Thursday, January 22, 2009

Rhetorical questions

If, as Chris Matthews wearily noted while Obama was speaking and dancing with his wife at his eighth inaugural ball, our new president's political gift consists of the ability to muster repetition with spontaneity, then the repetitive nature of political rhetoric must also come naturally to him. At the same time, there's a shock value to certain words that breaks up the repetition. "Christians and Muslims, Jews and Hindus..." and then a break of the rhetoric to include those so rarely included, "AND nonbelievers." Very nicely done. Rhetoricians were disappointed by the lack of a "by the people, for the people" repetition, but I think Obama's words will be just as important.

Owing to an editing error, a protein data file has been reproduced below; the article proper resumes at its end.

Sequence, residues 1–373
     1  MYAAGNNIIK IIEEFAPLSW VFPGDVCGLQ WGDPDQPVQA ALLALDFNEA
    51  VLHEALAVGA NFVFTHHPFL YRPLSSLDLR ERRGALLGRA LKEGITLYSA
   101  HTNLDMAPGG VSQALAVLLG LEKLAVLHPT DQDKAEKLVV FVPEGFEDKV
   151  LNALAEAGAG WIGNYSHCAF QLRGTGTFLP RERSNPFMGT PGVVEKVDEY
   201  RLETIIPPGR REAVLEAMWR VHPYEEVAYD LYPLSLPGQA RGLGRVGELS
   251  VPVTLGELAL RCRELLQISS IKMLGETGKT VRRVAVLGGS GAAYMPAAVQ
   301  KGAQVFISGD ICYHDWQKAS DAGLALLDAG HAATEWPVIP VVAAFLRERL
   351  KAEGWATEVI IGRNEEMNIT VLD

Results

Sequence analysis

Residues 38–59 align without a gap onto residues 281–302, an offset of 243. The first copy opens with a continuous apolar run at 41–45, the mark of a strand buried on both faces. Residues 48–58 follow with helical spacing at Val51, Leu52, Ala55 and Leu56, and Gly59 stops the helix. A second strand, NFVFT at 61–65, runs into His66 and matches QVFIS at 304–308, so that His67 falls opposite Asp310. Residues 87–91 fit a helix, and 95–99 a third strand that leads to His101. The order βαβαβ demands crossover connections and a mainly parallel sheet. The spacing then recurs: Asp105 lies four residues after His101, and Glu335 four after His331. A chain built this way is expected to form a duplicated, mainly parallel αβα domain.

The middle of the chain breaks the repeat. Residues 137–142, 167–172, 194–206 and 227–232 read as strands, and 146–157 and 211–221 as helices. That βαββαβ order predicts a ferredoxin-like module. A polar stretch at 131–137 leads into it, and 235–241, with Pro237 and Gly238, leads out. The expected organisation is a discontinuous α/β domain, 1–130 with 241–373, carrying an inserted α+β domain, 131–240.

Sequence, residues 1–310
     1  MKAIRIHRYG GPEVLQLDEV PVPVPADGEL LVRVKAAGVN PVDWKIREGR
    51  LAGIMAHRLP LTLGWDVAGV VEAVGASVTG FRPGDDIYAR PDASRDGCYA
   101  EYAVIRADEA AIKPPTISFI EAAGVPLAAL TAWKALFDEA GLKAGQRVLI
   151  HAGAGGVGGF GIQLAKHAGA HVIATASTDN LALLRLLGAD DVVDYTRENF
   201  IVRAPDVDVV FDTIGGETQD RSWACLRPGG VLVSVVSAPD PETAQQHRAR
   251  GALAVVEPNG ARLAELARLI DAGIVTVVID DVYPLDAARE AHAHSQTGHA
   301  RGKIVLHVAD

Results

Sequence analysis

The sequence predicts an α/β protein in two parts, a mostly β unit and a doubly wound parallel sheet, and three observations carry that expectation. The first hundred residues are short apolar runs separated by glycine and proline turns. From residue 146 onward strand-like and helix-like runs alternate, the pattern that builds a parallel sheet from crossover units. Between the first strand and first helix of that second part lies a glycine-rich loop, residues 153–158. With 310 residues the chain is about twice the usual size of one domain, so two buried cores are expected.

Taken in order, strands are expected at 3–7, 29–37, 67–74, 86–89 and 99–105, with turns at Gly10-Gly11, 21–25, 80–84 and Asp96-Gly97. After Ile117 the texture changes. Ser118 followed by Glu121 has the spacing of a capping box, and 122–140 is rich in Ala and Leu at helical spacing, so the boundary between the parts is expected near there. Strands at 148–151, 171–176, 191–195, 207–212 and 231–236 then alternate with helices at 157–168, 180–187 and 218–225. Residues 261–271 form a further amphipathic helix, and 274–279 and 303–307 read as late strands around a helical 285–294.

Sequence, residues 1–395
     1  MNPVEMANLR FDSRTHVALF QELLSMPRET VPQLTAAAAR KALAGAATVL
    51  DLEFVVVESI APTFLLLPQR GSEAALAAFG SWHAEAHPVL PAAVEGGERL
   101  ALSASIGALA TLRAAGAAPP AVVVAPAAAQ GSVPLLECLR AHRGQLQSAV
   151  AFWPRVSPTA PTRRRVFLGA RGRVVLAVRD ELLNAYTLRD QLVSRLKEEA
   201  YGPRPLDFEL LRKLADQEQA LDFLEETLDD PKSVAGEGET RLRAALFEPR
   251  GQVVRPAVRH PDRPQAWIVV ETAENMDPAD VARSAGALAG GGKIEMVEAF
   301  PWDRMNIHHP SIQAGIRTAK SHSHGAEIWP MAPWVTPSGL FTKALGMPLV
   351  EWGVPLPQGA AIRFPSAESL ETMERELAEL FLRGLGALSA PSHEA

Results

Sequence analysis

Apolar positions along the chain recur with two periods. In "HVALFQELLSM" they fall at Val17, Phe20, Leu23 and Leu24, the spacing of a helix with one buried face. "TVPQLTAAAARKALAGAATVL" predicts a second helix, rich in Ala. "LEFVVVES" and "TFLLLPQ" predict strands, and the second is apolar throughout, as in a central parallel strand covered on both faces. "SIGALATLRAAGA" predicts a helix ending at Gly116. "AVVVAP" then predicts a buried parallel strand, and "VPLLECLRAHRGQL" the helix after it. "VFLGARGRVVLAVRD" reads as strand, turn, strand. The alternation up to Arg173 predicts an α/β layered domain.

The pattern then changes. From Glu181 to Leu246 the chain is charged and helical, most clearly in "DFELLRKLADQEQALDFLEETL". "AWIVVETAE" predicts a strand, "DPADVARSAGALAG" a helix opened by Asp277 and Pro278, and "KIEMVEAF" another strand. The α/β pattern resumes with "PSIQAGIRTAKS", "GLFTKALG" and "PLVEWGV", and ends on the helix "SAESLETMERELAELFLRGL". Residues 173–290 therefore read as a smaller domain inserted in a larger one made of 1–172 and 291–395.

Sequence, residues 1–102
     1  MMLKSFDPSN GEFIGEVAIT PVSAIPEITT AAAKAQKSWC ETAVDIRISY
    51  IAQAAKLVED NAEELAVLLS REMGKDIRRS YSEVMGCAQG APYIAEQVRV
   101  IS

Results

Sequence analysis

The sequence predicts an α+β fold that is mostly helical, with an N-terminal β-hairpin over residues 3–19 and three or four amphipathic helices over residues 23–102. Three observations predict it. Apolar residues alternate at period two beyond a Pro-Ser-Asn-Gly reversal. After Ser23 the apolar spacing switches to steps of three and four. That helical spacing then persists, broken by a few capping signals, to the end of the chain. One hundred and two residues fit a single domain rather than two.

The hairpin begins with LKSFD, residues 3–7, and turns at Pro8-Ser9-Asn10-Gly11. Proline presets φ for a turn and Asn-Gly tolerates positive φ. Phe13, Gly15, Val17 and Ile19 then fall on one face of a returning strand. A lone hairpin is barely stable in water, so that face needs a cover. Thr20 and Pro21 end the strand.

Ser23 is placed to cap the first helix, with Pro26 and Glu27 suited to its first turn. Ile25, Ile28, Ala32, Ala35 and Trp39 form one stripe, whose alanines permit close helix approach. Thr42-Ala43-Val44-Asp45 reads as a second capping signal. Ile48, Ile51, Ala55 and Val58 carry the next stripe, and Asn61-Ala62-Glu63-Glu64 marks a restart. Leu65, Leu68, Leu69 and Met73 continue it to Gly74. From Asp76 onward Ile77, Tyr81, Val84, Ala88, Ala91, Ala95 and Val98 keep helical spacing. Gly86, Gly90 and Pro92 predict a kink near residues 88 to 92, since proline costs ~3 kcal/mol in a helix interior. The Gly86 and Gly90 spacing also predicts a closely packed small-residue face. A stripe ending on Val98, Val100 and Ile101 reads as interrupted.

But he did have one quasi-biblical rhetorical moment that I thought was very fine; when invoking the revolutionary history of the U.S., he led into the future with, "So it has been; so it must be." I thought that was a nice summation of his theme of "remaking America." If he had put that closer to the end than the beginning, it might have had a little more impact. But overall, I thought it was an excellent speech, and an inauguration full of symbolism. Thanks, John G. Roberts.

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